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Whisper the Cow


Dave went on the road for four months with the Olympic Torch Relay.  You can imagine his dismay when he ran into this flagrant brand violation in New Brunswick.

This is the Story: Whisper the Cow


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Olympic Mag and Bag

Establishing an Olympic Security System was in the Bag (and MUnknownag)

By Dave Doroghy

While it may sound more like the name of a comedy duo for a ‘70s sitcom, Mag and Bag is actually a term that refers to something a little more security driven than an actor’s career. Mag and Bag refers to the procedure people go through at airports or other secure locations. First, they’re screened for metal objects by a handheld or walk-through MAGnet and then they have their BAGs checked for weapons, bombs and other bad things that don’t belong at an Olympic Games (or anywhere outside of a war zone). For most people living in the 21st Century, the experience of going through the Mag and Bag procedure is pretty familiar. But once I started working for VANOC and considering our needs and potential Olympic suppliers, the Mag and Bag procedure took on a whole new importance in my life. One thing was clear: to safely stage the 2010 Olympic Winter Games we needed a lot of those black magnet wands and walk-though, arch-shaped screening stands and we didn’t want to have to buy them.

In the spring of 2005, when I reviewed our initial security requirements and tried to get a very rough handle on the number of magnetic detection devices we would need, the final number was staggering. I figured we would have so many magnets in one place at the same time that we would throw off the directional compass readings of countless lost Boy Scouts who came to the 2010 Olympics and had to find Magnetic North to get their bearings.

Altogether we needed more than 1,000 metal detection products. It was a sad reflection on the state of our world that in order to safely stage an event that is meant to represent peace, goodwill and the time-honoured values of sportsmanship and fair play, we had to devote an overwhelming amount of resources in equipment and effort to warding off violent attacks.

It’s strange how you don’t pay attention to so many little things in life until you have a reason to notice them. For instance, pretty well every airport that I have ever visited uses a particular brand of hand-held screening wand: a Garrett Metal Detector. Garrett is the brand name and manufacturer of the wands and walk-through detectors. When most security workers are methodically waving that familiar two-foot black wand all over travellers’ bodies, people who are paying attention will notice the huge yellow letters on the wand, boldly shouting out the company’s name: GARRETT. They happen to be the number-one manufacturer of security and hobby metal detectors in the world. In our crazy, post 9/11 world, business must be good.

The company’s story starts, however, in a quieter, more secure time in 1963. Company founder Charles Garrett, who was a metal-detecting enthusiast, built a hand-held metal-detecting device as a hobby project to help him find rings, coins and other metal objects hidden on or under the ground. Personally, I’ve never understood the appeal of spending time combing through vast areas of sand on beaches, fields, or playgrounds hoping to unearth something of value. To me, it just looks like work, like vacuuming, perhaps. But to Charles Garrett it was a passion and he just kept on perfecting and improving his hand-held metal-detecting gadgets to the point where he became a leader in the field (no pun intended). He actually invented a whole new way of detecting metal which, through the use of independently-operated search-coils, greatly improved treasure hunting efficiency.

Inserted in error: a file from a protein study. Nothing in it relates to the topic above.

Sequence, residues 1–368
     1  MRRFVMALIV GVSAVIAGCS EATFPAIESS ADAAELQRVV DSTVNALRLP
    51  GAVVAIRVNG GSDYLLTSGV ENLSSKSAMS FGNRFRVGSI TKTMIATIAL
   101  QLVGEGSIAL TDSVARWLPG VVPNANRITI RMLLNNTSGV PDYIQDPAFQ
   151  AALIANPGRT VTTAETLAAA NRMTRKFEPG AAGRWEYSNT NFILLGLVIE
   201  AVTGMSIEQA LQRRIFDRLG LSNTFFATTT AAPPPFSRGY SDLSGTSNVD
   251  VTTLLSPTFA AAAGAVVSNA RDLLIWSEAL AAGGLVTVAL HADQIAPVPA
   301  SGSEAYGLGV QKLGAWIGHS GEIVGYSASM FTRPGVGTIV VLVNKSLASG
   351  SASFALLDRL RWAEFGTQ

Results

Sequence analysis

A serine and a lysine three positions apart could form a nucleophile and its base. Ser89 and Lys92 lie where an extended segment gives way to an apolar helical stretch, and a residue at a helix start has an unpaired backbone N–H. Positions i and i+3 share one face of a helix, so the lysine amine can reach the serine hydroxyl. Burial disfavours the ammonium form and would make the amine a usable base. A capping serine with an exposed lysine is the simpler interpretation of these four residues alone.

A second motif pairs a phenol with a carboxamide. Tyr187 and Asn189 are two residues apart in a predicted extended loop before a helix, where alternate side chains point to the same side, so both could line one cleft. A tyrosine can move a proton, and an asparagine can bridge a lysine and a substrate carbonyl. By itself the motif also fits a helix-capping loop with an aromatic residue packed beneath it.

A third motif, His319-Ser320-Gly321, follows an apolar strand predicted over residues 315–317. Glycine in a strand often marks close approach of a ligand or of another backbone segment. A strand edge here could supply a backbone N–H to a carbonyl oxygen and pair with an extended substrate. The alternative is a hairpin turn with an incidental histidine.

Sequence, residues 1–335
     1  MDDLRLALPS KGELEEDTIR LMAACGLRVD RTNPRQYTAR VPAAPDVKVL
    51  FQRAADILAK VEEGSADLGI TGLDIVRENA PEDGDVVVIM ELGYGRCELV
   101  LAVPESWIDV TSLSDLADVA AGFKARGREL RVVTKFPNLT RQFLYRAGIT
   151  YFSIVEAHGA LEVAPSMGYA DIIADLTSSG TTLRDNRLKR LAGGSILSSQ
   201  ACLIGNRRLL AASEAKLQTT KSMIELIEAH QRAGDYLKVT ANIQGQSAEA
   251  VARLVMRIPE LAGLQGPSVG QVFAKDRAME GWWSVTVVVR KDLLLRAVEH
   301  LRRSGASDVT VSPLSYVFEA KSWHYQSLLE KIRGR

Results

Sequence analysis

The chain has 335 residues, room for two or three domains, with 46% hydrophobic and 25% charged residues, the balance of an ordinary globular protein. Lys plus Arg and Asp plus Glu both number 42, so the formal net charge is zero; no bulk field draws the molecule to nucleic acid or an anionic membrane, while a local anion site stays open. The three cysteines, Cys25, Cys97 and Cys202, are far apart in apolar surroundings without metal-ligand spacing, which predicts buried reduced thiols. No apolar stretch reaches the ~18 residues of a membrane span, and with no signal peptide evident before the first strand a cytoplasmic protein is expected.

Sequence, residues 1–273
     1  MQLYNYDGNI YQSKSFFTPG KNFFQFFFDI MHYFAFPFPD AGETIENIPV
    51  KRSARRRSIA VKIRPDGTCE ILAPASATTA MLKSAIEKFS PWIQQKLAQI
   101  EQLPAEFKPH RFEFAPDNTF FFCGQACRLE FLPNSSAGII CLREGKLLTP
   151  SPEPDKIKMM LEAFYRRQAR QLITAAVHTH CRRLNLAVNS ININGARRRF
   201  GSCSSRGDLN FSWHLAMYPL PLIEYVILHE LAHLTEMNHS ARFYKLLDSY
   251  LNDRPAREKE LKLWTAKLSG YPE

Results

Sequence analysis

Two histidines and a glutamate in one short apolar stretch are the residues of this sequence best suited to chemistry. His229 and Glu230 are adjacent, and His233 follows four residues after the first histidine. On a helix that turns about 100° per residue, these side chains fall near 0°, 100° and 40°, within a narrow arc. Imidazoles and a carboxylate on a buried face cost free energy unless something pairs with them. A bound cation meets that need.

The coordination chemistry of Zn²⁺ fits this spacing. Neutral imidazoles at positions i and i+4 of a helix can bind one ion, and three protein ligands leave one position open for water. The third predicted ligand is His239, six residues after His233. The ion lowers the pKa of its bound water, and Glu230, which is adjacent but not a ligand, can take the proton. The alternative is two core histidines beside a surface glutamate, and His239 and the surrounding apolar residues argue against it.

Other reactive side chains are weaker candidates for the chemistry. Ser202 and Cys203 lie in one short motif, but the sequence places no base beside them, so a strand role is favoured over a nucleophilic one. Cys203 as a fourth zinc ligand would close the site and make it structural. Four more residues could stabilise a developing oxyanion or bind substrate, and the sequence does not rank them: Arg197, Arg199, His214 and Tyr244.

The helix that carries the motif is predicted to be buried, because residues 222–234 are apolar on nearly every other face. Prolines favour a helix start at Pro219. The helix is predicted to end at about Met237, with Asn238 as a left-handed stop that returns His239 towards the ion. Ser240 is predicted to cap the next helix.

In the mid 1960’s word got out to scavengers and treasure hunters around the world that Garrett’s devices were more effective and sensitive than other similar products. People started snapping them up. Such were the humble beginnings of Garrett Metal Detectors Ltd. which originated in the garage behind Garrett’s house in Garland, Texas. Charles Garrett’s new metal detectors eliminated oscillator drift and were so revolutionary at the time that he immediately knocked a bunch of his competitors out of business. Garrett’s tinkering, leading to a vastly improved metal detector and the redevelopment of the metal-detection industry, is one of the great American success stories. Garrett went on to write books on treasure hunting and to form the International Treasure Hunting Society. In 1978, when the price of gold soared, the hobby of looking for wedding rings and gold watches lost in sand really took off. So did sales of Garrett’s metal detectors. By the mid-1980s, with more than 1,800 distributors worldwide, Garrett Metal Detectors became one of the largest metal detector manufacturers in the world. And to think that it all started in this guy’s garage.

So where do the Olympics come in? At around the same time that Charles was hanging out in his garage and tinkering with coils and magnets, a savage attack on some innocent young Olympians attending the Summer Olympics took place. The horrible tragedy of the 1972 Munich Games created an intense movement for increased security at the Olympics. In 1983 Garrett, who was by now the leading authority in the industry, was invited to develop a walk-through metal detector for the 1984 Summer Olympic Games in Los Angeles.

Pretty well every past Olympic Games since then has used Garrett Metal detectors to ensure the safety of athletes and guests. In 2004, the folks at Garrett even went so far as to write VANOC a letter expressing their interest in supporting us. Their letter arrived shortly after we won the right to stage the games and we weren’t yet in a position to respond properly to their offer. After I started working for VANOC and was given a copy of the letter, I considered it to be a “hot lead” and I was anxious to get to work on closing the deal.